Most command line options can be set using the configuration file as well and the descriptions indicate the necessary configuration option to set. -h, --help Help; display a help message and then quit. -y Assume yes; assume that the answer to any question which would be asked is yes. Configuration Option: assume-yes -c [config file] Specifies the config file location - can take http, ftp urls and local file paths. -d [number] Sets the debugging level to [number] - turns up or down the amount of things that are printed. Practical range: 0 - 10 Configuration Option: debuglevel -e [number] Sets the error level to [number] Practical range 0 - 10. 0 means print only critical errors about which you must be told. 1 means print all errors, even ones that are not overly important. 1+ means print more errors (if any) -e 0 is good for cron jobs. Configuration Option: errorlevel -R [time in minutes] Sets the maximum amount of time yum will wait before performing a command - it randomizes over the time. -C Tells yum to run entirely from cache - does not download or update any headers unless it has to to perform the requested action. --version Reports the yum version number and exits. --installroot=root Specifies an alternative installroot, relative to which all packages will be installed. Configuration Option: installroot --enablerepo=repoidglob Enables specific repositories by id or glob that have been dis- abled in the configuration file using the enabled=0 option. Configuration Option: enabled --disablerepo=repoidglob Disables specific repositories by id or glob. Configuration Option: enabled --obsoletes This option only has affect for an update, it enables yum´s obsoletes processing logic. For more information see the update command above. Configuration Option: obsoletes --exclude=package Exclude a specific package by name or glob from updates on all repositories. Configuration Option: exclude --noplugins Run with all plugins disabled. Configuration Option: plugins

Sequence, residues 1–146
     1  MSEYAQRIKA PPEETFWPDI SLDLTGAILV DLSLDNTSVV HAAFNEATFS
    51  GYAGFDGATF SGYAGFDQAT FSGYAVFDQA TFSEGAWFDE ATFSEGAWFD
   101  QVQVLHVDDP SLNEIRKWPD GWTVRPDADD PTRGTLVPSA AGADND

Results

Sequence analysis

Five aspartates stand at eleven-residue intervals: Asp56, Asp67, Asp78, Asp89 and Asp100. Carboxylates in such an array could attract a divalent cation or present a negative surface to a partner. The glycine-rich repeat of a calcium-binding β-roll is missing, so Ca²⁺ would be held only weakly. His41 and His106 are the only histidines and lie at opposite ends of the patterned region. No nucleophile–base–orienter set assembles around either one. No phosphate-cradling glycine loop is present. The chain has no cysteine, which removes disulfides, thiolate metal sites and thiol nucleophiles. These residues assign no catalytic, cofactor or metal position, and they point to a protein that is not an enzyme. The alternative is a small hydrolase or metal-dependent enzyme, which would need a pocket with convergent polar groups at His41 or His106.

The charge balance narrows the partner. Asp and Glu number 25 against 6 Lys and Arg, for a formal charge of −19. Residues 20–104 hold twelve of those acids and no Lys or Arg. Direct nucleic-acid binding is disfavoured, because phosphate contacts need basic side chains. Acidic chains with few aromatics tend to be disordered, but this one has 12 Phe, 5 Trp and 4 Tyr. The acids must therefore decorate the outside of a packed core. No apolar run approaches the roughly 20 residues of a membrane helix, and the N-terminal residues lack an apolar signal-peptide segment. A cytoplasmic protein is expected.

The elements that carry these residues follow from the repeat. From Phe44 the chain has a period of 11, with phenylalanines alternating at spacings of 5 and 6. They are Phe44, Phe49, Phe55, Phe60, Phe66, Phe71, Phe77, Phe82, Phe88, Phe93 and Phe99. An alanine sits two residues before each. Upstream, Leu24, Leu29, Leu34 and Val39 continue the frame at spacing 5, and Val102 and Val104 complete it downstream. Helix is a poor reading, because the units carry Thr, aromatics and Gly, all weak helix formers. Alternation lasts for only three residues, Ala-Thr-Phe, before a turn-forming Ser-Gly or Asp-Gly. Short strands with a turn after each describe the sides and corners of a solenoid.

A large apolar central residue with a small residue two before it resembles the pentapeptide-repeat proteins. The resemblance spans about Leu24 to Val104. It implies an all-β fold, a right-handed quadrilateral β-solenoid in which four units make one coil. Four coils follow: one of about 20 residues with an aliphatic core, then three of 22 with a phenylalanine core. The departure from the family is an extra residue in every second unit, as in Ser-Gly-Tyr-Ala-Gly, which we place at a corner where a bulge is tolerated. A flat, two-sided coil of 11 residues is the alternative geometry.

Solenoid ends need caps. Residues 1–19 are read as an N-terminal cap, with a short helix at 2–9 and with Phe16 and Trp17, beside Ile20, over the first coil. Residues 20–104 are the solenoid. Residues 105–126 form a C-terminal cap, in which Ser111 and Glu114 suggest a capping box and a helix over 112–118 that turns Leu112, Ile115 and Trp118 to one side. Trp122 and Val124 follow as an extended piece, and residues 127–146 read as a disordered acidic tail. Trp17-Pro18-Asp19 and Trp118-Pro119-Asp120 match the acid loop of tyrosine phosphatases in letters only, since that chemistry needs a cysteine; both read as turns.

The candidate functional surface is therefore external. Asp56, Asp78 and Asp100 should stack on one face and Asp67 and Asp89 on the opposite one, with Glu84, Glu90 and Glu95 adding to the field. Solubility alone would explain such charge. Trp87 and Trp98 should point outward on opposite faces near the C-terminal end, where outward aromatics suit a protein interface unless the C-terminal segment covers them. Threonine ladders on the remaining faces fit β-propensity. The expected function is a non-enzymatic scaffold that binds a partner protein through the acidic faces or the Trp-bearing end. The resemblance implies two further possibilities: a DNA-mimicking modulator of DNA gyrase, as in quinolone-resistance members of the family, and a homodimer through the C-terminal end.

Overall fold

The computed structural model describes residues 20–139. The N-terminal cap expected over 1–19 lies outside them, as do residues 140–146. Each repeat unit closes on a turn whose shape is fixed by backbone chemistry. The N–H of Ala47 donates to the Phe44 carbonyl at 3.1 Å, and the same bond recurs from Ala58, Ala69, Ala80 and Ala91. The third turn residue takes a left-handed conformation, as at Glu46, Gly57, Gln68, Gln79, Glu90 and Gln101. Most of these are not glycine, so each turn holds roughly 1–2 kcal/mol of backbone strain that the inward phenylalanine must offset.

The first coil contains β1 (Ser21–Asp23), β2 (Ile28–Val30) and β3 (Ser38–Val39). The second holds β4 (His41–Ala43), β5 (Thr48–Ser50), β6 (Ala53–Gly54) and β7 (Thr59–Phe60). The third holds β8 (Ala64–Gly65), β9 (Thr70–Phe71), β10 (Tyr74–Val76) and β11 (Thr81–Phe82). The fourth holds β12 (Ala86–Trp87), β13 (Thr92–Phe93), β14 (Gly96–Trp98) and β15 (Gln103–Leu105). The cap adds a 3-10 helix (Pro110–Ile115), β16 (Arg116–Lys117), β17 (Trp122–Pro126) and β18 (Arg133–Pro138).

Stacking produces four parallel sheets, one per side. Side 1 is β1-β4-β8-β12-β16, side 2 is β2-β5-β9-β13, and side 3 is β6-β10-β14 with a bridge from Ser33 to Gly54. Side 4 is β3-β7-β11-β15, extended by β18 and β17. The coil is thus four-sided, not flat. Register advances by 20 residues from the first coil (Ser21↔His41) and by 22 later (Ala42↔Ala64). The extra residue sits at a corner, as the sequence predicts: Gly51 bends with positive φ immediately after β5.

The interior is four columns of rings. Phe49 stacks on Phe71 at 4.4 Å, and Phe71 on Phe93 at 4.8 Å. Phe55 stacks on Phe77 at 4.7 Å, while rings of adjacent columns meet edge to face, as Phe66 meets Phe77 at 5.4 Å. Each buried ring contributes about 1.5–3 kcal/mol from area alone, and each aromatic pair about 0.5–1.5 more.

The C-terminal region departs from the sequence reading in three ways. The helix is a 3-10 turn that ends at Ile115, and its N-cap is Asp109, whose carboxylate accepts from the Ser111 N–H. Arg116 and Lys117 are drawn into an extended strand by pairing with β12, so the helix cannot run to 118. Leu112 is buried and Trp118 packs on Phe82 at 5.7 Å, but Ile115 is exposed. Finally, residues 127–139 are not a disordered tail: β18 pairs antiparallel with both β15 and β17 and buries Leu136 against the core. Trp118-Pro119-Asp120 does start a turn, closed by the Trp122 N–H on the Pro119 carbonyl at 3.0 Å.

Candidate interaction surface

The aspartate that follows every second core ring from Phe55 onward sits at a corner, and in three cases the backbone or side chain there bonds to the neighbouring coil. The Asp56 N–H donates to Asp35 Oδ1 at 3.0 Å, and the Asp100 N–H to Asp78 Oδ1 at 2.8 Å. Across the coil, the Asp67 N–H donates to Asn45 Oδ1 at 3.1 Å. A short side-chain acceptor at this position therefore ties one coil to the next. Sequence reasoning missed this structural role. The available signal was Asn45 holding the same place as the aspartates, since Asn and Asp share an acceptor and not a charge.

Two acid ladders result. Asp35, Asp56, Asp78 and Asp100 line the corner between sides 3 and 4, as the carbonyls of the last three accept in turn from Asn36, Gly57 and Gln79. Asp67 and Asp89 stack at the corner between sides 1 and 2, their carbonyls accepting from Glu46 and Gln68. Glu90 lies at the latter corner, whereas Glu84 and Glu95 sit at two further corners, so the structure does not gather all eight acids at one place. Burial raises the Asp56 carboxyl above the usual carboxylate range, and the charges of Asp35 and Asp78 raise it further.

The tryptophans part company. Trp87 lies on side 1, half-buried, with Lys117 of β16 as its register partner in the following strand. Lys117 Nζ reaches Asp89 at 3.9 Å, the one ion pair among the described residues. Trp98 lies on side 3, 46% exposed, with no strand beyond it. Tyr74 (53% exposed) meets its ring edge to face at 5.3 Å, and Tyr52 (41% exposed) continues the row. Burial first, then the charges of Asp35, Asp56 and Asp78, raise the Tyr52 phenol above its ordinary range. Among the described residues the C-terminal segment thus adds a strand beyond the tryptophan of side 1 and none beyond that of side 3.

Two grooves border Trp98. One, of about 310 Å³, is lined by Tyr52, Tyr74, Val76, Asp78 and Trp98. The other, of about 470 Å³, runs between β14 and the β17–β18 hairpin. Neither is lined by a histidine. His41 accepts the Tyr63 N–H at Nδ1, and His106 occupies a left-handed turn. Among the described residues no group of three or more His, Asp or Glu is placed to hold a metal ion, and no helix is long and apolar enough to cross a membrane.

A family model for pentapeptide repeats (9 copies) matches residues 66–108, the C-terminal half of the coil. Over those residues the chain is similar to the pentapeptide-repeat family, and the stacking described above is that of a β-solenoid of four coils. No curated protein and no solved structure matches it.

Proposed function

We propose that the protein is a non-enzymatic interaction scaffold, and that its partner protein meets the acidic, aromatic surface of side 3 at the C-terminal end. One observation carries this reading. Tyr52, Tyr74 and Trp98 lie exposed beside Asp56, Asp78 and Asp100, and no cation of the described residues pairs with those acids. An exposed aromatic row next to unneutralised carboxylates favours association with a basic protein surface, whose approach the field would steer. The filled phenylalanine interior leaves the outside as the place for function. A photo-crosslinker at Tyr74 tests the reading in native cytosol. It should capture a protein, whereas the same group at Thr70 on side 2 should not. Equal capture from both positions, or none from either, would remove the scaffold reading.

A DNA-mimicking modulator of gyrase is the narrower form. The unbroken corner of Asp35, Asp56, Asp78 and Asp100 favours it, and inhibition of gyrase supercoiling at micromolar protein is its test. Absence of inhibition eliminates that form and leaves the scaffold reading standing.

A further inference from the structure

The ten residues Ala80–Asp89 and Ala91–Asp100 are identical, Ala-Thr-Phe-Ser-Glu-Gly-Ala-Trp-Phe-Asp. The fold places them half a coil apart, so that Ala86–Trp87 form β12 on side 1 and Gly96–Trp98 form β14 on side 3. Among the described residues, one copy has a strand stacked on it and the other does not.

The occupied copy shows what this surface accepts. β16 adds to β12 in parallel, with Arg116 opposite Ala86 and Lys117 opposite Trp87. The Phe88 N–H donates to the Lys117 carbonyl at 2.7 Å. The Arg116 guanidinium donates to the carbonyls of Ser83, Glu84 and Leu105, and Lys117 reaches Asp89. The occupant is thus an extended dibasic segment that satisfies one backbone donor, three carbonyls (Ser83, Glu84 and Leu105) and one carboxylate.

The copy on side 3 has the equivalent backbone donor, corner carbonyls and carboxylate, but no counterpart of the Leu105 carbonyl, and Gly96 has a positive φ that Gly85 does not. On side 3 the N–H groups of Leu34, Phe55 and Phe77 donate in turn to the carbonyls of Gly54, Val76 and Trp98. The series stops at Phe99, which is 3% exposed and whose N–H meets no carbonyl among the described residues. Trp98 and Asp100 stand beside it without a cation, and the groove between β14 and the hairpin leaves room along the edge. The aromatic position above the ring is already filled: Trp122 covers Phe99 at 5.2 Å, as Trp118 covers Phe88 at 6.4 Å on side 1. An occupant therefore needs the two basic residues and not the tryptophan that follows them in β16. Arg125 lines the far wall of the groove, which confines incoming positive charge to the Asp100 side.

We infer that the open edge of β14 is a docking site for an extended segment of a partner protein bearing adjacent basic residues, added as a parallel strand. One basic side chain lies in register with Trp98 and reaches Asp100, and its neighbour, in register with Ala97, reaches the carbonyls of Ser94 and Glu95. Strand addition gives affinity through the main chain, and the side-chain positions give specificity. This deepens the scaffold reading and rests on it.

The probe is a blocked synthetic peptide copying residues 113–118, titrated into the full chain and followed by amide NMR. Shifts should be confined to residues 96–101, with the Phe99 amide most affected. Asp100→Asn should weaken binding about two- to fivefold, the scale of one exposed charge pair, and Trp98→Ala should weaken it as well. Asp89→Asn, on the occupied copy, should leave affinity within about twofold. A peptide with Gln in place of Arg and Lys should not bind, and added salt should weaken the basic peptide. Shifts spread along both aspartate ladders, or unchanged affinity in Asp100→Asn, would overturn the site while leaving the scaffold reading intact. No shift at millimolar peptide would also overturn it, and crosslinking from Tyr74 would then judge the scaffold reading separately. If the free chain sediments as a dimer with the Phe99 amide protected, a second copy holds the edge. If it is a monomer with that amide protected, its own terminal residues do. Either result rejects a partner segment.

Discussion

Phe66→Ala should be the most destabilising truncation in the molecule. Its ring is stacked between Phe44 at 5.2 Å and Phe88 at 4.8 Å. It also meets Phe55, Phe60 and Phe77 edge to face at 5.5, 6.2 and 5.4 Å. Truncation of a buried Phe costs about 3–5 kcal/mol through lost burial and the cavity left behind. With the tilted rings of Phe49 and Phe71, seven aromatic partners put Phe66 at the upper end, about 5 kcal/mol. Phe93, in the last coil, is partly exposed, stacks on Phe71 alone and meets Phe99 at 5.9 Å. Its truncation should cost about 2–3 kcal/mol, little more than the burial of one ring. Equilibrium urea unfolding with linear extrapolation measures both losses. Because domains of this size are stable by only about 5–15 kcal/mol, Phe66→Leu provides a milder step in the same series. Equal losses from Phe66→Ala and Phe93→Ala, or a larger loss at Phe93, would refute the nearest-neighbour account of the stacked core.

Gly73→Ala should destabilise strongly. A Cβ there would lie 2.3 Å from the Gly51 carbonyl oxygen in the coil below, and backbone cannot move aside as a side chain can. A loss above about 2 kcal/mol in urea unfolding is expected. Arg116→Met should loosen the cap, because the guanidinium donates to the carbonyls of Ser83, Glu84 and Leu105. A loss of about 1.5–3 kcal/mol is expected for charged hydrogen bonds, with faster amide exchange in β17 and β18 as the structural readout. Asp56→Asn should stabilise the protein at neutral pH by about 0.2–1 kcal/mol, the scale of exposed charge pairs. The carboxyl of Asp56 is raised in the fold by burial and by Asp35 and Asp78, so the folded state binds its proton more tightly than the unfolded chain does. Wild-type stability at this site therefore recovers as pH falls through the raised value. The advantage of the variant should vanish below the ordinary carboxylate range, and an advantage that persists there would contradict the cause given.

The following are the ways which you can invoke yum in list mode. Note that all list commands include information on the version of the pack- age. yum list [all | regexp1] [regexp2] [...] List all available and installed packages. yum list available [regexp1] [...] List all packages in the yum repositories available to be installed. yum list updates [regexp1] [...] List all packages with updates available in the yum reposito- ries. yum list installed [regexp1] [...] List the packages specified by args. If an argument does not match the name of an available package, it is assumed to be a shell-style glob and any matches are printed. yum list extras [regexp1] [...] List the packages installed on the system that are not available in any yum repository listed in the config file. yum list obsoletes [regexp1] [...] List the packages installed on the system that are obsoleted by packages in any yum repository listed in the config file. yum list recent List packages recently added into the repositories. Specifying package names All the list options mentioned above take file-glob-syntax wild- cards or package names as arguments, for example yum list avail- able foo* will list all available packages that match foo*.
The following are the ways which you can invoke yum in clean mode. yum clean packages Eliminate any cached packages from the system. Note that pack- ages are not automatically deleted after they are downloaded. yum clean headers Eliminate all of the files which yum uses to determine the remote availability of packages. Using this option will force yum to download all the headers the next time it is run. yum clean all Runs yum clean packages and yum clean headers as above.
Specifying package names A package can be referred to for install,update,list,remove etc with any of the following: name name.arch name-ver name-ver-rel name-ver-rel.arch name-epoch:ver-rel.arch epoch:name-ver-rel.arch For example: yum remove kernel-2.4.1-10.i686
Yum can be extended through the use of plugins. A plugin is a Python ".py" file which is installed in one of the directories specified by the pluginpath option in yum.conf. For a plugin to work, the following conditions must be met: 1. The plugin module file must be installed in the plugin path as just described. 2. The global plugins option in /etc/yum.conf must be set to ‘1’. 3. A configuration file for the plugin must exist in /etc/yum/plugin- conf.d/<plugin_name>.conf and the enabled setting in this file must set to ‘1’. The minimal content for such a configuration file is: [main] enabled = 1 See the yum.conf(5) man page for more information on plugin related configuration options.
/etc/yum.conf /etc/yum/repos.d/ /etc/yum/pluginconf.d/ /var/cache/yum/
yum.conf (5) http://linux.duke.edu/yum/
See the Authors file included with this program.
There of course aren’t any bugs, but if you find any, they should be sent to the mailing list: firstname.lastname@example.org or filed in bugzilla. Seth Vidal 2005 Aug 05 yum(8)